800 F.2d 1305 (4th Cir. 1986), 85-2301, Dowless v. Warren-Rupp Houdailles, Inc.
|Citation:||800 F.2d 1305|
|Party Name:||Harry DOWLESS, Appellant, v. WARREN-RUPP HOUDAILLES, INC., Appellee, and Houdailles Industries, Inc., Defendant.|
|Case Date:||September 15, 1986|
|Court:||United States Courts of Appeals, Court of Appeals for the Fourth Circuit|
Argued May 7, 1986.
Larry L. Coats (David E. Bennett, Mills & Coats, P.A., on brief), for appellant.
Stephen A. Hill (Carl A. Rankin, Pearne, Gordon, Sessions, McCoy, Granger & Tilberry, on brief), for appellee.
Before SPROUSE and ERVIN, Circuit Judges, and HAYNSWORTH, Senior Circuit Judge.
ERVIN, Circuit Judge:
This is an appeal by Harry Dowless ("Dowless") from the dismissal of his action against Warren-Rupp Houdailles, Inc. ("Warren-Rupp"). Dowless sought damages from Warren-Rupp for breach of contract; violations of N.C.Gen.Stat. Sec. 75-1.1 (unfair and deceptive business practices) and N.C.Gen.Stat. Sec. 66-155 (misappropriation of a business secret); and common law unfair competition. 1 The district court dismissed Dowless' complaint against Warren-Rupp for lack of personal jurisdiction. Because we find that the requirements of the North Carolina long-arm statute and due process are satisfied, we reverse.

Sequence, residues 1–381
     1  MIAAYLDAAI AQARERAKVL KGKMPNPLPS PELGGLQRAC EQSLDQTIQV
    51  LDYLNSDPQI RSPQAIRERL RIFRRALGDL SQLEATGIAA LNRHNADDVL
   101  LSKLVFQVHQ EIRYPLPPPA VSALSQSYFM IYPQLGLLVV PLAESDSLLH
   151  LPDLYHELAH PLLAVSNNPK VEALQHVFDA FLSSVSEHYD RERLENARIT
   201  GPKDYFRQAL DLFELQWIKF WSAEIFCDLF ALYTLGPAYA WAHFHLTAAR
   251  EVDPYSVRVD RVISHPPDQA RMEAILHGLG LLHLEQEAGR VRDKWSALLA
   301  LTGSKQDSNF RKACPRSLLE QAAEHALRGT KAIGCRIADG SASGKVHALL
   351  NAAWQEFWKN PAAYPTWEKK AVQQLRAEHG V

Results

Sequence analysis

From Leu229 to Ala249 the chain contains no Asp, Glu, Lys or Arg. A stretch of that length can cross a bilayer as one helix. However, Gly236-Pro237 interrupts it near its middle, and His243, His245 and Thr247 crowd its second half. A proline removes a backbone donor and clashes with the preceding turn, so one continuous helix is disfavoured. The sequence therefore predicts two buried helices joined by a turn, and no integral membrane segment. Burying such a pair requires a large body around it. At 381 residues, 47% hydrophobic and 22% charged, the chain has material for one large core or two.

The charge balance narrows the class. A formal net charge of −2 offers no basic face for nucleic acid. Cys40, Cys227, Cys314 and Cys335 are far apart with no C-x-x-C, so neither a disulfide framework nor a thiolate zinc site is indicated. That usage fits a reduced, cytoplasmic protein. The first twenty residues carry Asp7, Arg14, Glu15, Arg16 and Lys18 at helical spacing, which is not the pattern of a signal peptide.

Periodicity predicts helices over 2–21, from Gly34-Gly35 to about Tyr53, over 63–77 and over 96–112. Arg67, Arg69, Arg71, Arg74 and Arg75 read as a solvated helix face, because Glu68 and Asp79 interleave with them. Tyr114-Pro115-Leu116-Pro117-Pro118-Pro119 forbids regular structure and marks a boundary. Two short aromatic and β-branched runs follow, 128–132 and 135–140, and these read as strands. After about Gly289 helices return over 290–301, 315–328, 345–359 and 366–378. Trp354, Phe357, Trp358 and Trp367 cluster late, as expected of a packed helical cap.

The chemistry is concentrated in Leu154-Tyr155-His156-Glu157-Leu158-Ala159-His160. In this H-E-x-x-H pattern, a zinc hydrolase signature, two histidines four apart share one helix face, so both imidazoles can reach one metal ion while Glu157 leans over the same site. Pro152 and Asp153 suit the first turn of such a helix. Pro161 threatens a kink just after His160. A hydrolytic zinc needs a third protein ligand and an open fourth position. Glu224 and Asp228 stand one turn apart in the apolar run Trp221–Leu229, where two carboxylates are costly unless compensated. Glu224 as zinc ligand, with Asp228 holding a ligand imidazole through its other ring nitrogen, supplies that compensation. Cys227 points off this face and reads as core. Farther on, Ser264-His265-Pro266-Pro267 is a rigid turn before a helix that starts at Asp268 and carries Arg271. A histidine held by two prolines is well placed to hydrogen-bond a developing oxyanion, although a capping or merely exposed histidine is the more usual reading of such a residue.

Dowless is domiciled in and a resident of North Carolina. Warren-Rupp is a corporation organized under the laws of Ohio and does not maintain a place of business in North Carolina. Warren-Rupp pumps and other products are sold in North Carolina by a distributor, Southern Pump & Tank Company.
On May 31, 1977, Dowless sent a letter to Warren-Rupp in Ohio stating that he had identified a problem with a Warren-Rupp pump and had designed an improvement. Dowless inquired as to Warren-Rupp's desire to learn of this information. Warren-Rupp's president responded that the company was interested in improvements and suggested that Dowless send his idea to the company for evaluation. The president stated that "if we choose to use it, we would reimburse you with some kind of a flat fee." Jt.App. at 15.
Dowless promptly responded to the Warren-Rupp letter by disclosing the pump's problem and improvement idea. Warren-Rupp's president wrote a letter back rejecting the information. Thereafter, Dowless discovered that the Warren-Rupp pump had been manufactured with his improvement idea. He brought this action, and subsequently, it was dismissed for lack of personal jurisdiction over Warren-Rupp. This appeal followed.
The question of personal jurisdiction must be answered through a two step analysis. The court must determine whether the North Carolina long-arm statute is applicable, and if so, whether the exercise of that...
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